Chris Knipp Writing: Movies, Politics, Art


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PostPosted: Wed Jun 25, 2014 4:39 pm 
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JULIUS FELDMEIER AND SWANTJE KOHLHOF IN NOTHING BAD CAN HAPPEN/TORE TANZT

A horrific incident

The 30-year-old Katrin Gebbe is a German director whose first film is grueling, disturbing, punishing, and misguided, but also undeniably promising. Based on a true incident, it depicts the sad young life of Tore (Julius Feldmeier), a bleach-blond teenage waif who may have been abandoned by his family, joins a Christian cult, takes up with a disreputable family, and is horribly abused. His expression is sometimes beautific and joyous, sometimes disappointed and sad. When we find him, he is already a member of the Jesus Freaks, an actual German group of Christian youths in Hamburg who live in a kind of commune and stage raves where they jump and shout to punk music in praise of the Lord. Tore's baptism out in a river is one of his joyous moments. He encounters a man whose truck won't start, joins hands with some fellow Freaks and prays to Jesus to make it run. It starts! Thus Tore meets Benno (Sascha Alexander Gersak), whom he tells about their dances. Later Benno rescues Tore at a rave when he collapses in an epileptic fit, and brings him home.

Tore may be starved for any family life, so he stays on with Benno at his summer place, sleeping in a tent in the yard behind the small allotment he shares with his wife Astrid (Annika Kuhl) and her 15-year-old tomboy daughter Sanny (Swantje Kohlhof) and little son Dennis (Til Niklas Theinert). But not very far beneath the surface, things chez Benno aren't so nice. Benno persistently mocks Tore's Christianity and is seriously inappropriate in his behavior toward Sanny. Tore will run away and come back to Benno's family, but it will hold him and come to seem to him the test God has meant for him. Apparently it is also to be the test Katrin Gebbe means for us, the hapless viewers.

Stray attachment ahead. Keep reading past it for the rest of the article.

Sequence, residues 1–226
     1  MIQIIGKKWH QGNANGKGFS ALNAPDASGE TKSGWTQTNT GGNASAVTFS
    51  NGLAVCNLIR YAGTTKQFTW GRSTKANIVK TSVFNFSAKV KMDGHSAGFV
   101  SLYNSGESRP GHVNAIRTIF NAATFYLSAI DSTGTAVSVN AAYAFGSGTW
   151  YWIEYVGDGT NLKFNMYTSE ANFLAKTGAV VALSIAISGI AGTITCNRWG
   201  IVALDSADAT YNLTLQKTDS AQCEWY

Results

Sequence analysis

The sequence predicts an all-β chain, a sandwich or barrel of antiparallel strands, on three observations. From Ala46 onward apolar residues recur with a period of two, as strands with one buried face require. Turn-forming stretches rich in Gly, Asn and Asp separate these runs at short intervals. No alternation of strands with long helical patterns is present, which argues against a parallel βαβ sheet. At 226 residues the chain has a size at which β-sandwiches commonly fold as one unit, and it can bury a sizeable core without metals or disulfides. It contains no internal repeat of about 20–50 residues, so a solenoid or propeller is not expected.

Life with Benno stops being wonderful for Tore when Benno inexplicably strikes him hard in the face during a birthday party for Sanny. He flees to the Freaks, but is shocked to find his best friend Eule (Daniel Michel) in flagrante with a girl --"Freaks don't have sex before marriage" is one of the youth's watchwords -- and so he runs back to Benno's famiy.

The first truly horrific event comes when Tore is caught stealing some food from the garbage and now Astrid joins in the punishment as she and Benno force the boy to eat a whole rotten chicken. The food poinsoning sends him to the hospital. Sanny calls an ambulance from a neutral location and begs Tore not to say where he is coming from and not ever to come back. And yet, after he recovers, fresh as a daisy, he goes back. It only gets worse. The moments of horror are not so many, but gruesome and disturbing enough to show that Tore has become a sheer object of torture, while Sanny is plotting escape from this hell house with her little brother.

In his judicious and accurate Cannes review for Variety Scott Foundas described Tore as "projecting a slightly spacey, otherworldly quality that makes him seem like Candide on the cusp of Dante’s inferno." Whatever subtlety and complexity the film has comes from Julius Feldmeier in the role of Tore. He is not only striking and etherial, almost luminous, but projects a naive purity of faith so convincing one believes the actor really must himself come from the Jesus Freaks. This film is divided into three cruelly ironic chapters, "Faith," "Love," and "Hope," hinting at the brutal and marginally unwatchable recent exploration of naivete by Ulrich Seidl. What is troubling is the film's ability to capture innocent saintliness, while at the same time showing it as morbidly foolish, fatally misguided. And then, while this portrait is in a strange way beautiful, the filmmaker's indulgence in sadistic ugliness is beyond the pale. There may be echoes of Bresson and of Haneke, perhaps of Lars von Trier, but emulation of those masters has not led to magic here, only a spectacularly controversial piece of work that is bound to awaken extreme reactions. If not being able to get something out of your head is a sign of quality, Gebbe has made her mark, and her mundane yet torturous scenes are etched in muck, mud, and pain.

Nothing Bad Can Happen/Tore tanzt, 110 mins., debuted at Cannes Un Certain Regard 2013, inclusion of an example of the new German cinema at the French festival being unusual. Other festivals throughout the year. French release as Aux mains des hommes 25 June 2014 (sparsely and not so well reviewed, Allociné press rating 2.6). US release by Drafthouse Films 27 June 2014. Opened in NYC at IFC Center Thurs., 3 July 2014. Metacritic rating 54%.

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